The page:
Scientists at the Finnish Meteorological Institute (FMI) presented a mission plan today at the European Planetary Science Congress that would allow scientists to observe hundreds of asteroids over the course of just a few years
The research outlines a plan to send 50 nanoprobes propelled by electric solar wind sails (E-sails) to conduct flybys and science observations at more than 300 of the largest and most interesting asteroids in the belt.
“Asteroids are very diverse and, to date, we’ve only seen a small number at close range. To understand them better, we need to study a large number in situ. The only way to do this affordably is by using small spacecraft,” says Dr Pekka Janhunen.
In the mission scenario, the nanosats flyby their target asteroids at a range of around 1000 kilometres. Each nanosat carries a 4-centimetre telescope capable of imaging the surface of asteroids with a resolution of 100 metres or better. An infrared spectrometer analyses spectral signatures in light reflected or emitted by the asteroid to determine its mineralogy. The instruments can be pointed at the target using two internal reaction wheels inside the nanosats.
“The nanosats could gather a great deal of information about the asteroids they encounter during their tour, including the overall size and shape, whether there are craters on the surface or dust, whether there are any moons, and whether the asteroids are primitive bodies or a rubble pile. They would also gather data on the chemical composition of surface features, such as whether the spectral signature of water is present,” says Janhunen.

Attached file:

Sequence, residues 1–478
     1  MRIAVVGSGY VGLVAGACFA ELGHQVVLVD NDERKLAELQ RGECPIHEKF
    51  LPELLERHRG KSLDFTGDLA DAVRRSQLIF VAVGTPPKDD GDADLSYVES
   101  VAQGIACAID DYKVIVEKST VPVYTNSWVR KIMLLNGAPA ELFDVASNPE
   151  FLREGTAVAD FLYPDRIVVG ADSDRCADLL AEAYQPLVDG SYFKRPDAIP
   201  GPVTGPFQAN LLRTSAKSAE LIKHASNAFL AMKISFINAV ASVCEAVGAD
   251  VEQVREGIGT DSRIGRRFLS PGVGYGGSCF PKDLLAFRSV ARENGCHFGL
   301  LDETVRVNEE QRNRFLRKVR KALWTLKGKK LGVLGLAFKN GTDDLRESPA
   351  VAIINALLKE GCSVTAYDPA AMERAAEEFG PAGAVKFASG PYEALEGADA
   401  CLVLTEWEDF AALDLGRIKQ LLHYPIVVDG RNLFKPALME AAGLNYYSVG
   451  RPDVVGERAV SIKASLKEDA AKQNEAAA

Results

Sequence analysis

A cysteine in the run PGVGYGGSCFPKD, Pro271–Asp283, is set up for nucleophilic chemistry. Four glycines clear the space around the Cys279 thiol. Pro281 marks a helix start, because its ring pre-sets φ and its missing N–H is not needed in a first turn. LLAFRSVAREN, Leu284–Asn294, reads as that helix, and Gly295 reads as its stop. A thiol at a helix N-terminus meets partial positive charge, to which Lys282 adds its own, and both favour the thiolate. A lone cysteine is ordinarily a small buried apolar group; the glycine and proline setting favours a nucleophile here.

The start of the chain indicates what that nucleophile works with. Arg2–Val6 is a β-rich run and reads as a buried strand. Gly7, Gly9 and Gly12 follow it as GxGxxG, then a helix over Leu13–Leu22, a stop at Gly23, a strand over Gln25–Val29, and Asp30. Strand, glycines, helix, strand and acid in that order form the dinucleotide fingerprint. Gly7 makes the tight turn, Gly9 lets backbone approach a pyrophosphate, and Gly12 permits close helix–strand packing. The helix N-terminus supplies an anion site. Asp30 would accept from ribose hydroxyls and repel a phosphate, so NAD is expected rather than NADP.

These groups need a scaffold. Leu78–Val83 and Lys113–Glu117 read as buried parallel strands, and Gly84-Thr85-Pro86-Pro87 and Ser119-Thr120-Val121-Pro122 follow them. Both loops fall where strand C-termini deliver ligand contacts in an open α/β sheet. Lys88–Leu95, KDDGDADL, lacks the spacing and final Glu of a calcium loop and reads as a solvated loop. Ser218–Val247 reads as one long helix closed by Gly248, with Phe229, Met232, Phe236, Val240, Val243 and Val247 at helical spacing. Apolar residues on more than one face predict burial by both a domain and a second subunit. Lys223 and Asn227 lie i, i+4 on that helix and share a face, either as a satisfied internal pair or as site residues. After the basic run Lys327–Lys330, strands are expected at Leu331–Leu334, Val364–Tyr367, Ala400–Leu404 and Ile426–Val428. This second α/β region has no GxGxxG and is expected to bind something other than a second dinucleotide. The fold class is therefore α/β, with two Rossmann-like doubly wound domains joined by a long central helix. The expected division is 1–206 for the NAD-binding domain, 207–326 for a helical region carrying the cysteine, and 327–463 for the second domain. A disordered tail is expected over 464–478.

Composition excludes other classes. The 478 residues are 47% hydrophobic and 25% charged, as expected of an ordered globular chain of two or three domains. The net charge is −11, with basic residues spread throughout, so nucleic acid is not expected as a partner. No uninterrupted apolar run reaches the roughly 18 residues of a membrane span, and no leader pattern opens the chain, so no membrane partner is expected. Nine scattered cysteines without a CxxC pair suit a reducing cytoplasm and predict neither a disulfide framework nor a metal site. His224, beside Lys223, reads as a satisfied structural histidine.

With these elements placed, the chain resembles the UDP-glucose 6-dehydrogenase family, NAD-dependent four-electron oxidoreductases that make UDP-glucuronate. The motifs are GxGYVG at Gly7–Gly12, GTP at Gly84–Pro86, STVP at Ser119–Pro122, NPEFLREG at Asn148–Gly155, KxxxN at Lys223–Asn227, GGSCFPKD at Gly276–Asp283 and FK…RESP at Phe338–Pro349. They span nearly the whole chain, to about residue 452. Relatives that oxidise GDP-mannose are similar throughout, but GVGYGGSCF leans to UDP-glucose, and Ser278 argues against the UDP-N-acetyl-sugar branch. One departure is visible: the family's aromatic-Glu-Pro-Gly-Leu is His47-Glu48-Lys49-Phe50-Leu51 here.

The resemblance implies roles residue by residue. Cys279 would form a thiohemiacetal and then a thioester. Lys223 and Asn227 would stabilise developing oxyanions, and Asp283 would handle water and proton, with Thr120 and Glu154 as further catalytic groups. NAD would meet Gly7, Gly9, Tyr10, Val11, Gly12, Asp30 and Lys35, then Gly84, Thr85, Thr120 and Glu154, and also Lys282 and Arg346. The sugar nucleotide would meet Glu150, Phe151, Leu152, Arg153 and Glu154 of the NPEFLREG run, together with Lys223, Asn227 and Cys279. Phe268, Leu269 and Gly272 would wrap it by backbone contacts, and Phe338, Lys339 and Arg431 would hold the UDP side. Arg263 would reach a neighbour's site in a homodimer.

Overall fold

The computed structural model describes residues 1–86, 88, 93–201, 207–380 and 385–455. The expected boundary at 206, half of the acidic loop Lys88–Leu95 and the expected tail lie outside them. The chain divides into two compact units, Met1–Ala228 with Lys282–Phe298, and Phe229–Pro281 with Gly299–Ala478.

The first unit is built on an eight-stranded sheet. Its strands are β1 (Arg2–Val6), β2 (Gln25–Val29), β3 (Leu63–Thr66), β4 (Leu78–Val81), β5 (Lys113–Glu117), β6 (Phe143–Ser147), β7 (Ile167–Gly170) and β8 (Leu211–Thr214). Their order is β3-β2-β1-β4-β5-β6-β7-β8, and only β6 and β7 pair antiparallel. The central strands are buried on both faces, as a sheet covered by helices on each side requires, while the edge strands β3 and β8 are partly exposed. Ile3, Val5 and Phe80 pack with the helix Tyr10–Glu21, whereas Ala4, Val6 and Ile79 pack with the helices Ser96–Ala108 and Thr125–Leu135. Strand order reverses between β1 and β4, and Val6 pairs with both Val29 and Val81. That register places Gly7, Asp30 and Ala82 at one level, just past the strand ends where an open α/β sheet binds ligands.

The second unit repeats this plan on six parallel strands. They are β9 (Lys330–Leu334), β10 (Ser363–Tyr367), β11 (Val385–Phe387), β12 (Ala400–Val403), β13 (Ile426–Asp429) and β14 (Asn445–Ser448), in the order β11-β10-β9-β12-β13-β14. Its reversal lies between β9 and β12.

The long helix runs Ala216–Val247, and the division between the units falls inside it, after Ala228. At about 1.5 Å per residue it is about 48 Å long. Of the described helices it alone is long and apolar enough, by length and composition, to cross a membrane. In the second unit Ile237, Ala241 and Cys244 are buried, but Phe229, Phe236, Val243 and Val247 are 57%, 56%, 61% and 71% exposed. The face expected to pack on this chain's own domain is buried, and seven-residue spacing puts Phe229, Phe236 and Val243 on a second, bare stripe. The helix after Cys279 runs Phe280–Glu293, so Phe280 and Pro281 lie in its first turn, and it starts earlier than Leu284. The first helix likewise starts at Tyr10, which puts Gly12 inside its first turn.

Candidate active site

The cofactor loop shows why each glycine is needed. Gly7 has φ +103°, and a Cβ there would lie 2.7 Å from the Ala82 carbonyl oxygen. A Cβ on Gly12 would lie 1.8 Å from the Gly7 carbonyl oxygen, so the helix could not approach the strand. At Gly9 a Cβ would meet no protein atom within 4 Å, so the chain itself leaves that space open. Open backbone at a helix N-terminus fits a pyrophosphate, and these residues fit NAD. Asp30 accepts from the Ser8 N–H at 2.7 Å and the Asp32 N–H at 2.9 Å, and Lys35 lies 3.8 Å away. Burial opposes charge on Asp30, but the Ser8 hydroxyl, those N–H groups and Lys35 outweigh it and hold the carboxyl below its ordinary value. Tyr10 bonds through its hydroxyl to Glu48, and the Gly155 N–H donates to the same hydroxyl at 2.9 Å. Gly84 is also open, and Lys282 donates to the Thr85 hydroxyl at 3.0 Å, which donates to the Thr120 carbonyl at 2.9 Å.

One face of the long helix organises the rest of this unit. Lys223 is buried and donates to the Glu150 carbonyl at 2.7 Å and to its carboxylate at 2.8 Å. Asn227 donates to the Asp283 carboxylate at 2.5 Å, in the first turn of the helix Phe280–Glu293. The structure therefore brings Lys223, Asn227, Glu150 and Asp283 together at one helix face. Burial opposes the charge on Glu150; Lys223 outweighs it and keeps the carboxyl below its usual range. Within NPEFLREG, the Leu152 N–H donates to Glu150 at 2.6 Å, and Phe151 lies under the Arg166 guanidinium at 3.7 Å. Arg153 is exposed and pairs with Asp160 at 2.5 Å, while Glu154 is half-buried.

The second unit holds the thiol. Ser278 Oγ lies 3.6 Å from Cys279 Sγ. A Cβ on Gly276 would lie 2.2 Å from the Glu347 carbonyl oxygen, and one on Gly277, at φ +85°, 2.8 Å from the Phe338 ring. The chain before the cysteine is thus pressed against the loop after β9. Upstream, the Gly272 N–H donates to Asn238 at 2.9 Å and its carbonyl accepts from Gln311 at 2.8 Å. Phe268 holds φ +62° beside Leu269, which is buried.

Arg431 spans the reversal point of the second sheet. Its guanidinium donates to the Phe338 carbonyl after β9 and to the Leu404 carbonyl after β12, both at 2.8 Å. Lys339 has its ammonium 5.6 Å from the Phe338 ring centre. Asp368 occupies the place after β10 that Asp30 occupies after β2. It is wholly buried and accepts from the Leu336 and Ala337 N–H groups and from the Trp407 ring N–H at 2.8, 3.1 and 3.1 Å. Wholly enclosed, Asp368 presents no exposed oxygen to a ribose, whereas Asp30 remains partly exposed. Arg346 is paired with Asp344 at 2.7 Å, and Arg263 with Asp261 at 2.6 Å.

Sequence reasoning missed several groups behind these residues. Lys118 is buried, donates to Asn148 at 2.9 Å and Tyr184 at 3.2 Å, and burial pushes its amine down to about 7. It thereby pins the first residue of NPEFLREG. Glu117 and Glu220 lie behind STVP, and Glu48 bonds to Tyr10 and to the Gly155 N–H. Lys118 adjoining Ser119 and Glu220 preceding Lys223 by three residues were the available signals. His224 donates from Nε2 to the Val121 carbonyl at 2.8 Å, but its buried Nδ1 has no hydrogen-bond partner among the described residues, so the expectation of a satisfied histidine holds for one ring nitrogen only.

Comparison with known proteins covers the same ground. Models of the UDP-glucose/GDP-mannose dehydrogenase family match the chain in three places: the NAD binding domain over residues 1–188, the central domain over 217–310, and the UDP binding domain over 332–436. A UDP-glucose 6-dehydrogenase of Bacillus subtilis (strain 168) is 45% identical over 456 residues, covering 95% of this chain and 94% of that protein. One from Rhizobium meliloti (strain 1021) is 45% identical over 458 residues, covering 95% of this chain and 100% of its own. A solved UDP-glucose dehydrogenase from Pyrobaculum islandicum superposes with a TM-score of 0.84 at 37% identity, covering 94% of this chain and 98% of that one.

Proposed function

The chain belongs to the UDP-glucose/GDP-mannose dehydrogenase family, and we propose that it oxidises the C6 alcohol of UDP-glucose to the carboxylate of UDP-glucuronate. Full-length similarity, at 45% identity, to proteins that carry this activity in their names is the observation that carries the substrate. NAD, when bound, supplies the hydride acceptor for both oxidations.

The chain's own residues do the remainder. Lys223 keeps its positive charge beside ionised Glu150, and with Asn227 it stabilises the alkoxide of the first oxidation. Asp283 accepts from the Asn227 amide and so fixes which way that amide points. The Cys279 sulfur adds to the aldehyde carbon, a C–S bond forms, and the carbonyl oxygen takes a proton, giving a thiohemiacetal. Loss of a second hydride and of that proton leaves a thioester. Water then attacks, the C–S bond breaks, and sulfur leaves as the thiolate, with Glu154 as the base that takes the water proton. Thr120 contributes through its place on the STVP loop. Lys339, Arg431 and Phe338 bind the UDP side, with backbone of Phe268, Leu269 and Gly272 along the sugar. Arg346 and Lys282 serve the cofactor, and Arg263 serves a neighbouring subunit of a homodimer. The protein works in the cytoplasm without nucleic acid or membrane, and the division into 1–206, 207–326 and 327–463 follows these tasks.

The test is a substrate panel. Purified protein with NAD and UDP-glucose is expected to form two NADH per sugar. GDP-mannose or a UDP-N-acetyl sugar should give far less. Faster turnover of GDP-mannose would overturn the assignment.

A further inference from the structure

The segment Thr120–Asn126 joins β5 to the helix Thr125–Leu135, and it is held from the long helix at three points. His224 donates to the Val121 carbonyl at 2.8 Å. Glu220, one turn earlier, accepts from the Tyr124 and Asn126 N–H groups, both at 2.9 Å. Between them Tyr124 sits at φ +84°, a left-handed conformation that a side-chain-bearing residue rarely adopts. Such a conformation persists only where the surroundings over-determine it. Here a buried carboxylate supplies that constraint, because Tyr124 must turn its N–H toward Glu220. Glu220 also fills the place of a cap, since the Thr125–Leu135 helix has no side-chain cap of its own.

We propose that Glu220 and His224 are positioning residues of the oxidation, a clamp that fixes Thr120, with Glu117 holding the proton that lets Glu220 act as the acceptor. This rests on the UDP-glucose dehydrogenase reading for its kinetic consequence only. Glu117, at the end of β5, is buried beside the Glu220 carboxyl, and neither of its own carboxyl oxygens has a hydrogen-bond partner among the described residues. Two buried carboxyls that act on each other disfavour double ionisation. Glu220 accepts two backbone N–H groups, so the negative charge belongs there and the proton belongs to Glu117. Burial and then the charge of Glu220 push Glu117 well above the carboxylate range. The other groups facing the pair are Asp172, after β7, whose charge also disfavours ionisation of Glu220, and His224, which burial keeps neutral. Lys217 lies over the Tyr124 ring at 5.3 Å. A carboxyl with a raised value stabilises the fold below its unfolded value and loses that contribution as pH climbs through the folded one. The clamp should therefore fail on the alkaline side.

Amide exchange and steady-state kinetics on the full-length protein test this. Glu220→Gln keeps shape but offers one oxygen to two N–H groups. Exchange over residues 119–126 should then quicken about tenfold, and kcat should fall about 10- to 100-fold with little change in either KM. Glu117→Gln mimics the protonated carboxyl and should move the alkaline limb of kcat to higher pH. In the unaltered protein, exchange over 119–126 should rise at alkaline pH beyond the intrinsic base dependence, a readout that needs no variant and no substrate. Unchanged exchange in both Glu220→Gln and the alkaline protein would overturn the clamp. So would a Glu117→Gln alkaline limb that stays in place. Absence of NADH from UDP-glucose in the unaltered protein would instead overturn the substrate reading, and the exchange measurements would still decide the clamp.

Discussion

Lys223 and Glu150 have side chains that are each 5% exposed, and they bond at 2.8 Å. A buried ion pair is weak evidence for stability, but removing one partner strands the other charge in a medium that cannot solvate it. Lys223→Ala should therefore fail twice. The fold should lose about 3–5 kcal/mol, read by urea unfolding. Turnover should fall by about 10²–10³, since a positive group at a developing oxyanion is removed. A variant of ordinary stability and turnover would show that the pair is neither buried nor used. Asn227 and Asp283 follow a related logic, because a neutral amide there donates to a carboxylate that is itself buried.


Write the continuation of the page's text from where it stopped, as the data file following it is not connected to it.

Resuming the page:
E-sails make use of the solar wind – a stream of electrically charged particles emitted from the Sun – to generate efficient propulsion without need for propellant. Thrust is generated by the slow rotation of a tether, attached at one end to a main spacecraft carrying an electron emitter and a high-voltage source and at the other to a small remote unit. The spinning tether completes a rotation in about 50 minutes, tracing out a broad, shallow cone around a centre of mass close to the main spacecraft. By altering its orientation in relation to the solar wind, the nanosat can change thrust and direction.
The thrust generated by E-sails is small; a 5 kilogramme spacecraft with a 20-kilometre tether would give an acceleration of 1 millimetre per second at the distance of the Earth from the Sun. However, calculations show that, on top of the initial boost from launch, this is enough for the spacecraft to complete a tour through the asteroid belt and back to Earth in 3.2 years. Nanosatellites do not have the capacity for a large antenna, so the concept includes a final flyby of Earth to download the data. The overall mission would cost around 60 million Euros, including launch, giving a cost of about 200,000 Euros for each asteroid visited.
“The cost of a conventional, state-of-the-art mission to visit this number of asteroids could run into billions. This mission architecture, using a fleet of nanosats and innovative propulsion, would reduce the cost to just a few hundred thousand Euros per asteroid. Yet the value of the science gathered would be immense,” says Janhunen.